A growing body of literature now exists concerning the social construction of leadership. This literature draws on a variety of definitions of social constructionism, multiple constructs, and an array of perspectives, approaches, and methods. To identify and understand the differences among them, this article provides a sailing guide, comprising four key dimensions, to the social construction of leadership. It applies the guide to the social constructionist leadership literature, including the articles in this special issue. It then discusses how the guide can act as a reflexive tool when various choice points are revealed and a means by which to chart future paths for social constructionist leadership research.

Categories: Leadership

Discursive Leadership: A Communication Alternative to Leadership Psychology

July 22, 2011 Leave a comment

Discursive Leadership: A Communication Alternative to Leadership Psychology

Management Communication Quarterly
March 19, 2008

Gail T. Fairhurst

Abstract

Historically, leadership psychology has dominated the study of leadership. However, with growing attention to leadership discourse, communication, and relational stances, “discursive leadership” is emerging as a clear communication alternative to leadership psychology’s cognitive emphasis. This article previews Fairhurst’s new book, Discursive Leadership: In Conversation with Leadership Psychology, by examining the arguments and research that lend power to a discursive view of leadership.

Categories: Leadership

When team members’ values differ: The moderating role of team leadership

July 12, 2011 Leave a comment

When team members’ values differ: The moderating role of team leadership

Organizational Behavior and Human Decision Processes

Volume 114, Issue 1, January 2011, Pages 25-36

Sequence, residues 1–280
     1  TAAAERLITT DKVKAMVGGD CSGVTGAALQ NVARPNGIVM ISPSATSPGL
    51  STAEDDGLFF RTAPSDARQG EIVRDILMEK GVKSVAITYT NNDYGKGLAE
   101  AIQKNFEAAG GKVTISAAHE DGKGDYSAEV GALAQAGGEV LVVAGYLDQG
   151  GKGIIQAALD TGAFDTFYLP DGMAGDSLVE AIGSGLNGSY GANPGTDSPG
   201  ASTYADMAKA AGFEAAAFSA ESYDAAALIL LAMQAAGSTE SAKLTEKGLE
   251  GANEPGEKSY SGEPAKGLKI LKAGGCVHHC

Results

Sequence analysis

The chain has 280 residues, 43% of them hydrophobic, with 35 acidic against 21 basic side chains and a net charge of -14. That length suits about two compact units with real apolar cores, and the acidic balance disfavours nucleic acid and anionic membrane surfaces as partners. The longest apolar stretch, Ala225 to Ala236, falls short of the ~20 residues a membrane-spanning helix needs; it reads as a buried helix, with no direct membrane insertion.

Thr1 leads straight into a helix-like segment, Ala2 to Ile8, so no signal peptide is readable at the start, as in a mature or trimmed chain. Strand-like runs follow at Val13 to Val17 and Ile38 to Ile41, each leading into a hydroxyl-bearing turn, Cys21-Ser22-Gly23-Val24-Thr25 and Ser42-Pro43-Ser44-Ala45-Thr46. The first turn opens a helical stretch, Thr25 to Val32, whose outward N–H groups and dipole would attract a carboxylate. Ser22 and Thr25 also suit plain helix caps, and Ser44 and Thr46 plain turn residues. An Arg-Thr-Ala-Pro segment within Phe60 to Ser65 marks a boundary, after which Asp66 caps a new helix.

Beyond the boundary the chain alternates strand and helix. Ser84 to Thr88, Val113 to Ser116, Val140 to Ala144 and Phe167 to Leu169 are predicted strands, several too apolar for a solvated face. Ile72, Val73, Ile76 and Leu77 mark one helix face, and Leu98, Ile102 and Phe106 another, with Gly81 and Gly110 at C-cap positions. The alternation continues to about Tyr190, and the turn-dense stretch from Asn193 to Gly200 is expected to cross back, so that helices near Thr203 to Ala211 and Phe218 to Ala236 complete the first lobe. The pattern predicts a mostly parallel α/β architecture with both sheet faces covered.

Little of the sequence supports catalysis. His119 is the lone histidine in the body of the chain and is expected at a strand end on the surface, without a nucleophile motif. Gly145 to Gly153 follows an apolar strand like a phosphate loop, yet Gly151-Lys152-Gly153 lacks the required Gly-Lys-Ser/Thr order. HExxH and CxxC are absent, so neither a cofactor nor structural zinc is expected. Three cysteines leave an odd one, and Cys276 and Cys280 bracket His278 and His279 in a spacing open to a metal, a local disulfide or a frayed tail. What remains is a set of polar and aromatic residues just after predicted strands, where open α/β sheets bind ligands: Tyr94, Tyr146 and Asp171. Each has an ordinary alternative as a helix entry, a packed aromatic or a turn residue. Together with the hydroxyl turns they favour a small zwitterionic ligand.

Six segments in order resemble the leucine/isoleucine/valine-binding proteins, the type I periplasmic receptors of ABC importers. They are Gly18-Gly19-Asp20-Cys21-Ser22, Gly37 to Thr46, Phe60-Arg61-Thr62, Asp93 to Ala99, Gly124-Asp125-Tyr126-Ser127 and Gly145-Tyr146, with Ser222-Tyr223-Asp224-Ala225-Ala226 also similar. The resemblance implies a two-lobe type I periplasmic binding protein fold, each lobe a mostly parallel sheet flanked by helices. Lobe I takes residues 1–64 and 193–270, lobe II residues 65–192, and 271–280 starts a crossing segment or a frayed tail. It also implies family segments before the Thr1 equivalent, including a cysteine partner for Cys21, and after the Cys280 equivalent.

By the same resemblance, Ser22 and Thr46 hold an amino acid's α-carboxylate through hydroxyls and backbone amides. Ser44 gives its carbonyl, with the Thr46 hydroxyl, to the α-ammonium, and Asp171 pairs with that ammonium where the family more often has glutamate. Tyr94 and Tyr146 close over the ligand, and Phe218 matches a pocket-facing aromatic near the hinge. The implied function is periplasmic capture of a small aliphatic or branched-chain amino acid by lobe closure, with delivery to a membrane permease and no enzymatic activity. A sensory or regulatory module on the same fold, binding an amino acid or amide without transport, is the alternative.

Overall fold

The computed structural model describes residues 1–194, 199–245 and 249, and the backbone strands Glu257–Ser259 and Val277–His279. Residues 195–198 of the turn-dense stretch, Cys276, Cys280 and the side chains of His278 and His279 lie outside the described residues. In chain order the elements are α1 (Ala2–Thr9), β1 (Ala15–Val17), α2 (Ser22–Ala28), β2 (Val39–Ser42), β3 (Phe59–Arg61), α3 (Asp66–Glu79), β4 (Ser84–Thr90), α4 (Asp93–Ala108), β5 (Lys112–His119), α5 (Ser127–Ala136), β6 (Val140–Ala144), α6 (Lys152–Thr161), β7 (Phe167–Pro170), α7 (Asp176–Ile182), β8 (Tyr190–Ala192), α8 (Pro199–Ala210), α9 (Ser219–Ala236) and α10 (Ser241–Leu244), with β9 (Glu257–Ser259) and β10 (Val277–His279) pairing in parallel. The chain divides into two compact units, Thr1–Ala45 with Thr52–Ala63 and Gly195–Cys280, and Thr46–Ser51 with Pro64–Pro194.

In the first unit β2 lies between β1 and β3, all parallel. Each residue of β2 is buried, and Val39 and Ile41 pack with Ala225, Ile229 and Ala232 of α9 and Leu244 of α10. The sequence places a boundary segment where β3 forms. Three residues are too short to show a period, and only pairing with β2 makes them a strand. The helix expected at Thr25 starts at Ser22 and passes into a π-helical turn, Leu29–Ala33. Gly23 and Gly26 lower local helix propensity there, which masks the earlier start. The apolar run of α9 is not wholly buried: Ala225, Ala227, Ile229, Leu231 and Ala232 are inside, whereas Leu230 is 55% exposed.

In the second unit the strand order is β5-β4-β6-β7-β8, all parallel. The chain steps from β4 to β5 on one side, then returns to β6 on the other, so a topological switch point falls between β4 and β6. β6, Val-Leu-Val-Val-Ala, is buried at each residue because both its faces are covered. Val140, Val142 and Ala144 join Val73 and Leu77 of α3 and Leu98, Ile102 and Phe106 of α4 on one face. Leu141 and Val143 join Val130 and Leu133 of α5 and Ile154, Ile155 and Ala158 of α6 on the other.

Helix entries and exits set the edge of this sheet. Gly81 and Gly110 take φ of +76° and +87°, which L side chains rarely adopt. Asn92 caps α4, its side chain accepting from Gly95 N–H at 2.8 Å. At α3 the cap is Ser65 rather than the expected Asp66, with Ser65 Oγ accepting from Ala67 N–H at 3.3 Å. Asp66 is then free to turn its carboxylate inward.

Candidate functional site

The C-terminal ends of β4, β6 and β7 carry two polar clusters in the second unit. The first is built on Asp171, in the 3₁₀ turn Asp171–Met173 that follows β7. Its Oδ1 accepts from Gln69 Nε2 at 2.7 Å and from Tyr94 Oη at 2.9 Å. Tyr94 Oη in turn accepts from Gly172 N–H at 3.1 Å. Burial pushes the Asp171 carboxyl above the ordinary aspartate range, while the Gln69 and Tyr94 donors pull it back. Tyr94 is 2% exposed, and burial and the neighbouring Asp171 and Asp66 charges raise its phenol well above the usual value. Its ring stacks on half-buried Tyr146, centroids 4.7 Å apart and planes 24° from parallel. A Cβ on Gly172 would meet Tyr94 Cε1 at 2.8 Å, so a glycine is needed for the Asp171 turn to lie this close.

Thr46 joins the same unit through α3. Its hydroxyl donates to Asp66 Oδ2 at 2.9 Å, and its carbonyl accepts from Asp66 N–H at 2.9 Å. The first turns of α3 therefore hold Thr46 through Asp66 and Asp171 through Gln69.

Katherine J. Klein, Andrew P. Knight, Jonathan C. Ziegert, Beng Chong Lim and Jessica L. Saltz

Integrating theory and research on values, diversity, situational strength, and team leadership, we proposed that team leadership moderates the effects of values diversity on team conflict. In a longitudinal survey study of national service teams, we found significant, but opposite, moderating effects of task-focused and person-focused leadership. As predicted, task-focused leadership attenuated the diversity–conflict relationship, while person-focused leadership exacerbated the diversity–conflict relationship. More specifically, task-focused leadership decreased the relationship between work ethic diversity and team conflict. Person-focused leadership increased the relationship between traditionalism diversity and team conflict. Team conflict mediated the effects of the interactions of leadership and values diversity on team effectiveness.

Keywords: Values; Diversity; Leadership; Teams; Conflict

Categories: Ethics, Leadership

The essential tension between leadership and power: When leaders sacrifice group goals for the sake of self-interest.

The essential tension between leadership and power: When leaders sacrifice group goals for the sake of self-interest.

Journal of Personality and Social Psychology,
Vol 99(3), Sep 2010, 482-497. doi: 10.1037/a0018559

Maner, Jon K.; Mead, Nicole L.

Abstract

Throughout human history, leaders have been responsible for helping groups attain important goals. Ideally, leaders use their power to steer groups toward desired outcomes. However, leaders can also use their power in the service of self-interest rather than effective leadership. Five experiments identified factors within both the person and the social context that determine whether leaders wield their power to promote group goals versus self-interest. In most cases, leaders behaved in a manner consistent with group goals. However, when their power was tenuous due to instability within the hierarchy, leaders high (but not low) in dominance motivation prioritized their own power over group goals: They withheld valuable information from the group, excluded a highly skilled group member, and prevented a proficient group member from having any influence over a group task. These self-interested actions were eliminated when the group was competing against a rival outgroup. Findings provide important insight into factors that influence the way leaders navigate the essential tension between leadership and power.

Categories: Leadership